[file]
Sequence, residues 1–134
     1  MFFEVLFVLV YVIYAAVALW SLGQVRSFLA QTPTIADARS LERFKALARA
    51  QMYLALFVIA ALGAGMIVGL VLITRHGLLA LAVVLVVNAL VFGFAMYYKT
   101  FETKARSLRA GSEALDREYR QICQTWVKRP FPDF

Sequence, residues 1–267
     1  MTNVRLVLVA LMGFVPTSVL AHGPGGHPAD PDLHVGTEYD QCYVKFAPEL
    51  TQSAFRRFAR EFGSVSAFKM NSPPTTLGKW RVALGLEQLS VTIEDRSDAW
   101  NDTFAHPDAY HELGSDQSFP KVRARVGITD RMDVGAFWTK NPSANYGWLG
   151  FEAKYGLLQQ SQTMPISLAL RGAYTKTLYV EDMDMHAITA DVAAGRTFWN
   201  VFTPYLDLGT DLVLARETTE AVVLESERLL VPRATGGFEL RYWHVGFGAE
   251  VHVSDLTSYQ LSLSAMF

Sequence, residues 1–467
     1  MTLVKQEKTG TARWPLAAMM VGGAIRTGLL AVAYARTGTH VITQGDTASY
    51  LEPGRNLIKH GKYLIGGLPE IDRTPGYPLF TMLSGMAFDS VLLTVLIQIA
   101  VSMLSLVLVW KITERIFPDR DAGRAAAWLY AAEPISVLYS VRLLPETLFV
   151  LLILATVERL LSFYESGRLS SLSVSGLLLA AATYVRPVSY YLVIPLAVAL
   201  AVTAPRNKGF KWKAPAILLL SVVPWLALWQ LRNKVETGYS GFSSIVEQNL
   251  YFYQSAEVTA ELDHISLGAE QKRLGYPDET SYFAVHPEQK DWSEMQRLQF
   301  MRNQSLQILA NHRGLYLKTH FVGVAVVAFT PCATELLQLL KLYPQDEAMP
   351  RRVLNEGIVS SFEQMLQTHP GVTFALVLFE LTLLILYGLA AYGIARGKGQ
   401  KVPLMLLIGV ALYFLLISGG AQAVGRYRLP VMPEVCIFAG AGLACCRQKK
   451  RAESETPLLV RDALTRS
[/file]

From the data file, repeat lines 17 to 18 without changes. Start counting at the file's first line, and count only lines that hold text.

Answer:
   201  AVTAPRNKGF KWKAPAILLL SVVPWLALWQ LRNKVETGYS GFSSIVEQNL
   251  YFYQSAEVTA ELDHISLGAE QKRLGYPDET SYFAVHPEQK DWSEMQRLQF